However, when a person becomes stressed, the cognitive function pairs do something interesting. They compensate out of necessity. When a function proves itself to be inapplicable often enough in a situation, the mind subconsciously disregards it to a lower place in the order of functions. In the case of INFJs, if Ni proves to be of no use, then it is temporarily placed second, and Fe is promoted to first. While in this state, Fe gets a lot more development than it would normally. Cognitive function hierarchy restructuring will continue if needed. This usually involves greater and greater degrees of stress, unlike the normal method of simply needing a specific cognitive function to reach a solution. If Fe proves to be of no use, then it is temporarily placed second, and Ti is promoted to first. While in this state, Ti gets a lot more development than it would normally… and so on. However, in order to do this, all of the pairs have to restructure their order.

    This is why people act like different types when stressed. In the case of INFJs, each stress level causes the following:
    #1 VH, Feb 25, 2009
    Last edited: Feb 25, 2009
  2. Long Term Stress

    (Ni, Fe, Ti, Se) – 'Normal' stress levels. The INFJ behaves as described above, moving from one process to the next in standard fashion until solutions are reached or discarded. Even severe degrees of short term stress will not cause a shift from this state in most cases. There may be minor 'symptoms' of other MBTI types as each cognitive function is in use, but the order in which they are preferred does not change. For example, when an INFJ is using (and thus developing) their Se normally, they might appear to be somewhat of an ISTP or even an ESTP, but they still have the preference orientation of Ni, Fe, Ti, and then Se, which is used last.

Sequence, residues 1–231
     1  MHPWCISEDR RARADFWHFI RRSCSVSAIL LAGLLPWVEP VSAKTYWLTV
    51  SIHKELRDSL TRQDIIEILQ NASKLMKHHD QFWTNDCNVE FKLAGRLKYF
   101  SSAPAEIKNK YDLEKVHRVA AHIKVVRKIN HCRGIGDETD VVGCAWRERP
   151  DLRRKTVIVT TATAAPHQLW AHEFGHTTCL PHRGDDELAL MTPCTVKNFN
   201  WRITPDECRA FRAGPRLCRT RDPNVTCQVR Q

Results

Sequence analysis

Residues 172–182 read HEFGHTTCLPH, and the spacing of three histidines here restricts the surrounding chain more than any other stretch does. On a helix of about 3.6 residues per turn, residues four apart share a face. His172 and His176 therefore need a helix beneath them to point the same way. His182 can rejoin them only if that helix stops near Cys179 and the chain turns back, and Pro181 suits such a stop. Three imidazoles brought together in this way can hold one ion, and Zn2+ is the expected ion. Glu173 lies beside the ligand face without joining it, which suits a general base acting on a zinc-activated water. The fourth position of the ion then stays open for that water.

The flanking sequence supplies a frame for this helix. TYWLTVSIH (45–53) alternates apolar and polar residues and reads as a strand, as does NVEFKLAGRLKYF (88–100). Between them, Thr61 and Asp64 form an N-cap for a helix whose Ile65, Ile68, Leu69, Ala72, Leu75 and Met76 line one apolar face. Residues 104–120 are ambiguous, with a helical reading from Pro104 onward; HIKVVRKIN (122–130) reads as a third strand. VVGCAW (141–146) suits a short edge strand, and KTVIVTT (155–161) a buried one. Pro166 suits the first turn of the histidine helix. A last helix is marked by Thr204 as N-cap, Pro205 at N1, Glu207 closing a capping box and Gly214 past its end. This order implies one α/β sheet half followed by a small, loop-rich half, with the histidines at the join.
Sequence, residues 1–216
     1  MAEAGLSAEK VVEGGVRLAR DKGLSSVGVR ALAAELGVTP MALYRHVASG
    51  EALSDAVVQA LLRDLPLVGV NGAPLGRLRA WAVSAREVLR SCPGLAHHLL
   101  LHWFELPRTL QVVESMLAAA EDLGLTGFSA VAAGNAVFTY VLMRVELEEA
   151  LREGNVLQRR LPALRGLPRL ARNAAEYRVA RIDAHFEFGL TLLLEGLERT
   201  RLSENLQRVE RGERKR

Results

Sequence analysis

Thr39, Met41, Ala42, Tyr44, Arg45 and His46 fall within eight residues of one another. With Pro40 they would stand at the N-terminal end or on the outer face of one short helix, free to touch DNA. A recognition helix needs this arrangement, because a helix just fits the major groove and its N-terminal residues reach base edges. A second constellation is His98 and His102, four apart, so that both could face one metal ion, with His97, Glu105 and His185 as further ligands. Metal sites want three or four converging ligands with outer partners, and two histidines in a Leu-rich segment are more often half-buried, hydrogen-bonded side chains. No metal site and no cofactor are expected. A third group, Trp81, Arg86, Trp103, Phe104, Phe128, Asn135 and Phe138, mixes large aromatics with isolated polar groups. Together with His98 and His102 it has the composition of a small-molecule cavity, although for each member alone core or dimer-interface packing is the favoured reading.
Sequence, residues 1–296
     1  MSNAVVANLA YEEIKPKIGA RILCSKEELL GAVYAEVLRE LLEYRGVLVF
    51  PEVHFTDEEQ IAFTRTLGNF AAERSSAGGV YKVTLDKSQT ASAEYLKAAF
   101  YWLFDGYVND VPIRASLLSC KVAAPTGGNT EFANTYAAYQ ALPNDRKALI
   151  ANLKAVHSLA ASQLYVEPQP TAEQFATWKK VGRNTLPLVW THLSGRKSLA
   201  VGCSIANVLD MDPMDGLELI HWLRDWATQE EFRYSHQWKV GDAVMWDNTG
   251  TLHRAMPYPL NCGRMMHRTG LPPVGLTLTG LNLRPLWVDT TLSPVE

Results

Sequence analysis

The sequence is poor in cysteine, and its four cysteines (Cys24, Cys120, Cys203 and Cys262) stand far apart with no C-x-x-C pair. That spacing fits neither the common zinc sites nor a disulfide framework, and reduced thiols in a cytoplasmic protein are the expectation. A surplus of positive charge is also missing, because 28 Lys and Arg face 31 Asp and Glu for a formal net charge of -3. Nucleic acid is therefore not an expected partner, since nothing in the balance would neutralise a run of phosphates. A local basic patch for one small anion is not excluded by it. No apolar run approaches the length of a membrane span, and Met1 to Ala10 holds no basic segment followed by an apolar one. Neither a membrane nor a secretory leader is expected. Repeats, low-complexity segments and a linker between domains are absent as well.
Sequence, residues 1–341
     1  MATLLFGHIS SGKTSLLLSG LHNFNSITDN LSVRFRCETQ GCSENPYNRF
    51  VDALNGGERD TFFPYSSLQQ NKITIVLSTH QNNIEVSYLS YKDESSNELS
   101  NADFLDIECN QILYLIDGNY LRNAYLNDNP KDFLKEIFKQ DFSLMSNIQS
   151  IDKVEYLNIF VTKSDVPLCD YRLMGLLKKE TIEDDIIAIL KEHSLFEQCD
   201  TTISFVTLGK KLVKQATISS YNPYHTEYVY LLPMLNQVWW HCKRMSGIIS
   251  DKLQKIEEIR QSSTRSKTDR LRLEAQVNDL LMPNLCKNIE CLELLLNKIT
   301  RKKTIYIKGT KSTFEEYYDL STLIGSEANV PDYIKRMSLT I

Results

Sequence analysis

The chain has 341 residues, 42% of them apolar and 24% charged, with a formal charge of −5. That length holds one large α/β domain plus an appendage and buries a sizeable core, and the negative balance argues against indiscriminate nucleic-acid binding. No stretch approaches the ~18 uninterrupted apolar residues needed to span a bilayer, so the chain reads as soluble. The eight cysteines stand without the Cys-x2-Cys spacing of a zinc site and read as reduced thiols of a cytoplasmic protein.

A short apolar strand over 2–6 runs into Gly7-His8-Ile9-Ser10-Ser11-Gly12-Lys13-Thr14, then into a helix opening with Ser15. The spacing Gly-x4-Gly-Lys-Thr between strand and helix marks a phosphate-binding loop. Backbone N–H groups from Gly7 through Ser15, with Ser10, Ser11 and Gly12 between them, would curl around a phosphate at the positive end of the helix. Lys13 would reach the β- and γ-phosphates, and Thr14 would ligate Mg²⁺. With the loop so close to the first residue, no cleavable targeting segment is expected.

ENFJ (Fe, Ni, Se, Ti) – ‘Pushed’ stress levels. When the INFJ is under enough long term stress, they begin to temporarily change the order in which their functions are preferred. Ni and Fe switch places, forcing Ti and Se to switch. The INFJ becomes more concerned with others, their needs, and making sure things are ‘right’. At this point, what is ‘correct’ is much less important to an INFJ than what is morally ‘right’, and the INFJ often becomes somewhat of a social butterfly attempting to make everyone happy, perhaps even activating their ‘silly switch’. Or, the INFJ becomes ‘crabby’ and develops a strong undercurrent of hostility. Because Fe is not their primary function, INFJs may be a little awkward here and make biting or inappropriate comments.

    ISTP (Ti, Se, Ni, Fe) – ‘Inundated’ stress levels. Ti becomes dominant and brings Se with it because Judging and perceiving pairs cannot share an introverted or extroverted preference, pushing Ni and Fe to a secondary role. The INFJ reaches a point where they can no longer use their ‘normal personality’ to reach solutions. They become very internalized and focus on intellectual concerns, while detaching themselves from their feelings to a surprising degree, for the good of everyone. “Don’t worry about me. I’m fine,” is a common phrase at this point, which is delivered so sincerely that it is often taken as truth. Even the INFJ themselves are likely to believe it at this point.